1. Am I not providing adequate motivation to promote repeat business?
  2. Am I actually de-motivating my customers?

If you believe the answer lies in the first of these questions, the solution is pretty easy to state (although it might not be as easy to implement): You need to provide more value.

If you think you are providing great value, then perhaps your business is turning customers off. In other words, you have a customer service issue. Again, this is entirely correctable and you should take holistic corrective action immediately. And since we’re on the topic, I want to make one point that may be more important than anything else I say here: World-class customer service is the best loyalty program.

#3. Use your loyalty program to develop your relationship.

Not every reward in a loyalty program needs to be directly tied to a purchase. Use it to add dimensions to your relationship with your customers. Consider rewarding referrals, email list opt-ins, birthdays, contest participation, completion of surveys, attendance at events and whatever else you can dream up.

This sends a message that you just aren’t about pulling another few bucks out of the pockets of your customers and if you really want to make this point, figure out a way to reward altruistic behavior. For example, you could give extra loyalty program credit if a customer makes a purchase and selects a charity that your company will, in turn, make a donation to. Promote it with a slogan like this: Earn double points and support your favorite charity with your next purchase. Or: We’re in the giving mood. Select your favorite charity. We’ll make the donation. You get the Rewards Points.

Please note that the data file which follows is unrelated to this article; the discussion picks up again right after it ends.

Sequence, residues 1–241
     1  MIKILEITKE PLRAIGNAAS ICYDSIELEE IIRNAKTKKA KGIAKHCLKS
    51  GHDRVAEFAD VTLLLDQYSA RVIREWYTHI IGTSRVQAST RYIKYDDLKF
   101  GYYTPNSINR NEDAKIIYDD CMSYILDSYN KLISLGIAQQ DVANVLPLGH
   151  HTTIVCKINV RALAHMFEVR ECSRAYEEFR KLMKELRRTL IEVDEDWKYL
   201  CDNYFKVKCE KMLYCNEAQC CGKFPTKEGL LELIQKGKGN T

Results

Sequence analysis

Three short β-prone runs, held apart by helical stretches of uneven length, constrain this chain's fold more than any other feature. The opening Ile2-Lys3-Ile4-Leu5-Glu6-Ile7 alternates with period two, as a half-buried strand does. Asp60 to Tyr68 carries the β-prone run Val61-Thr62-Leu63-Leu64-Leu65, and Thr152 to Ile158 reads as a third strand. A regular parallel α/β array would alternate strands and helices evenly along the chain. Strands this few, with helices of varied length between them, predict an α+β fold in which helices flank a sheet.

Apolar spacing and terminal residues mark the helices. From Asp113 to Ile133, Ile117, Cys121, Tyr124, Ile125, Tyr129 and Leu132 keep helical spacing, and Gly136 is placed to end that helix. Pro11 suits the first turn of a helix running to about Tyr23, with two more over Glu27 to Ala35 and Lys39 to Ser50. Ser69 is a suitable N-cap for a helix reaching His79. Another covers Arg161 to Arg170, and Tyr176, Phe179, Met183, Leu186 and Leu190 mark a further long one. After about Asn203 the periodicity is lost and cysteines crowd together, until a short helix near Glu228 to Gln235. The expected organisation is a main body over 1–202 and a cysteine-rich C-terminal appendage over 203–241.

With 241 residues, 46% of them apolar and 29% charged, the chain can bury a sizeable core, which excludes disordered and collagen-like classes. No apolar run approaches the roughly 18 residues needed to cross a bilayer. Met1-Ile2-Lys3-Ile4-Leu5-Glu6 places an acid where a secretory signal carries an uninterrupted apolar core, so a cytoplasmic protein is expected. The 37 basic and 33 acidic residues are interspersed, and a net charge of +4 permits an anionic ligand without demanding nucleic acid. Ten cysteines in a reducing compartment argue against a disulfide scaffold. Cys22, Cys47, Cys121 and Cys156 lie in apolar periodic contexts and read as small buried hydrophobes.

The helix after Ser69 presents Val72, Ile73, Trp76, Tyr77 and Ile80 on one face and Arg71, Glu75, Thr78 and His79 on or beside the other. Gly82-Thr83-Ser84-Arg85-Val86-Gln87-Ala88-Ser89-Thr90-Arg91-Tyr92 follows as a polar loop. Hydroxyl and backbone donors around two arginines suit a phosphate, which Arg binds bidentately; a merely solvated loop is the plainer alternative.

#4. Make loyalty an element of your mobile app.

Businesses from Toledo to Timbuktu are looking for good reasons to develop a mobile app. Make your loyalty program an important element of your app development. With good graphics you can find ways to magnify finish line enthusiasm and it also gives you a powerful reason to encourage acceptance of push notifications.

And if you’re a retail business, combining your loyalty program, with your app and with an in-store beacon, could make an absolutely incredible combination. If you haven’t yet decided to experiment with beacon technology, you could promote bonus loyalty point opportunities through Quick Response (QR) codes on in-store displays.

A couple of generations ago, many families did all their grocery shopping at the stores that handed out Green Stamps. They pasted them into booklets and redeemed them for merchandise. Loyalty programs are here to stay because they work. Remember these principles and tips to help you discover how to best incorporate one into your business model.

Images: ”Shopper Loyalty Club words on a store shopping bag as a promotional rewards program for customers and consumers/



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Megan Wright

Megan Wright